No More Fried Chicken for The Tiger

No More Fried Chicken for The Tiger

With the U.S. Open on the horizon Tiger Woods has said it’s time to move on as the Sergio Garcia ‘fried chicken’ debacle reaches a cooling off period.

No More Fried Chicken for The Tiger

At the recent European Tour awards in the Sofitel Hotel, Heathrow. The Golf Channel commentator, Steve Sands, asked Sergio Garcia if he intended to invite Tiger Woods around for the evening at the U.S. Open in Philadelphia next month.

“He can come around any night and we’ll serve fried chicken.” Said Garcia instinctively.

It was a sentence that would reverberate around the world of golf thanks to the social media network that now exists as part of our every day life. A social media that Tiger Woods is very much a part of.

“The comment that was made wasn’t silly. It was wrong, hurtful and clearly inappropriate,” Woods replied in his 140-characters.

Garcia knew he had dropped one as soon as the words had left his lips.

“As soon as I left the dinner I started to get a sick feeling in my body. I wasn’t able to sleep at all last night. I’ve been feeling low all day. Unfortunately, I said it. I wish I hadn’t, but the only thing I can do is say sorry. I understand that my answer was totally stupid and out of place.” Said Garcia the day after the dinner.

It’s not the first time that Woods has been the victim of a ‘fried chicken’ assault. 15-years ago when asked what Woods may eat for his traditional dinner on the eve of the 1998 Masters tournament, U.S. Golfer Fuzzy Zoeller said: “It could be fried chicken, or collard greens, or whatever the hell they serve.” Garcia has since told the media that he was not aware of Zoeller’s comments.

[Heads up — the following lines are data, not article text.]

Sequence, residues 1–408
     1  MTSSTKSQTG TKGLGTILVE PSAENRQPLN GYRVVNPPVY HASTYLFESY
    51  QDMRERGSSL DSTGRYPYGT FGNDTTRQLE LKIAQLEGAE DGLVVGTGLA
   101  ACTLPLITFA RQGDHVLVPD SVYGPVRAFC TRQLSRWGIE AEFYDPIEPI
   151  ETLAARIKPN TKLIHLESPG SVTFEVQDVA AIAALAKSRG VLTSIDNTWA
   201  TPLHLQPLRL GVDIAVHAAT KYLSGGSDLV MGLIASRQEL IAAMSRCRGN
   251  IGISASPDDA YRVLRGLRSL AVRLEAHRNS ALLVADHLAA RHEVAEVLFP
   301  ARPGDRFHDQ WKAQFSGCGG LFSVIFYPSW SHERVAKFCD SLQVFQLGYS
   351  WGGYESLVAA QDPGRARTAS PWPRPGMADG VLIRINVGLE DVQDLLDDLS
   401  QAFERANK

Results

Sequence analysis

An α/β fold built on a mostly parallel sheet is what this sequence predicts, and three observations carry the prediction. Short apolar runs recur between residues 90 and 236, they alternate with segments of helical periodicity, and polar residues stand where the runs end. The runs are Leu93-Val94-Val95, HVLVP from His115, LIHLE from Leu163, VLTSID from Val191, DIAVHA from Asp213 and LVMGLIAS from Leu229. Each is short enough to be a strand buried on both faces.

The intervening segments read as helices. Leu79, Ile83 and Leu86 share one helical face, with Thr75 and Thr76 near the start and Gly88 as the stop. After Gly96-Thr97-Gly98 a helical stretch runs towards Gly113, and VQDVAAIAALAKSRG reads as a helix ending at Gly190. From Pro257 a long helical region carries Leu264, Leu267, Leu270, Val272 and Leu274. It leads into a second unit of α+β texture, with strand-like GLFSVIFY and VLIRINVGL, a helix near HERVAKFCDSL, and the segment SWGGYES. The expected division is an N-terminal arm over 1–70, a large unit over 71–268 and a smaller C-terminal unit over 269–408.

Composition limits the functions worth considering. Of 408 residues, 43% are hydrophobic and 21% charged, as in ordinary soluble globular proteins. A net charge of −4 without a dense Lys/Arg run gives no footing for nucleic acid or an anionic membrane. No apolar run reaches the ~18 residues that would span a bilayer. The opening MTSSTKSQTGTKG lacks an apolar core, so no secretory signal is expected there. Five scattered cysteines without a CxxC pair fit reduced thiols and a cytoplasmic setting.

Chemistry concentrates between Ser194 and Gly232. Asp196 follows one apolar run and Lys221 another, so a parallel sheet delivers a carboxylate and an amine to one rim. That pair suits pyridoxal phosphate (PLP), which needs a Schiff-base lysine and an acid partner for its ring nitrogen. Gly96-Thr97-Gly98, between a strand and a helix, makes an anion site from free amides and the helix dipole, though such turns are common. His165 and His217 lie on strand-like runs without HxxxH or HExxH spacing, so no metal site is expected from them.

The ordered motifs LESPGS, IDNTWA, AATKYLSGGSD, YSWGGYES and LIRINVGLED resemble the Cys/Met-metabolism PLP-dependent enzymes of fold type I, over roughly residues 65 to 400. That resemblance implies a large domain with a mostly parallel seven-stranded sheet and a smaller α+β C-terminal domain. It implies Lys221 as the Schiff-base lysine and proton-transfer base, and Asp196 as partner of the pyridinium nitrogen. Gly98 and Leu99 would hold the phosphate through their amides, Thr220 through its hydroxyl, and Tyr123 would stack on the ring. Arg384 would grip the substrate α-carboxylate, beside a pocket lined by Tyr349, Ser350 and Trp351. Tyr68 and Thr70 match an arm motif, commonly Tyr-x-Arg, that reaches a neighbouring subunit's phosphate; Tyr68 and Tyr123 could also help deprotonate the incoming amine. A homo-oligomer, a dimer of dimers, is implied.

The comment may be untimely and inappropriate, downright stupid even, but this doesn’t mean that the Spaniard is a racist. What has caused more outrage than the comment is the fact that Garcia will serve no punishment from the European Tour after CEO George O’Grady said that Garcia’s apology was enough to settle the matter. When you consider the recent fines dished out in football to John Terry and Luis Suarez you would think sport would have a more uniformed approach to matter of remarks deemed as racist in anyway, shape or form.

The whole incident then took another embarrassing twist when during an interview with Sky Sports; O’Grady told reporters that Garcia has many American friends who are ‘colored’. Once again the social media hotline was ringing louder than the one in Batman’s cave as people protested to the use of the word ‘colored’. This time it was O’Grady making the apology and we doubt he is going to fine himself any time soon.

And yet Woods has faced tougher controversies than this during his reign as the best golfer the planet has ever seen.

“It’s already done with. It’s time to move on,’ insisted Woods this week, “It’s happened my entire life. It exists all around the world, not just in the sport of golf.”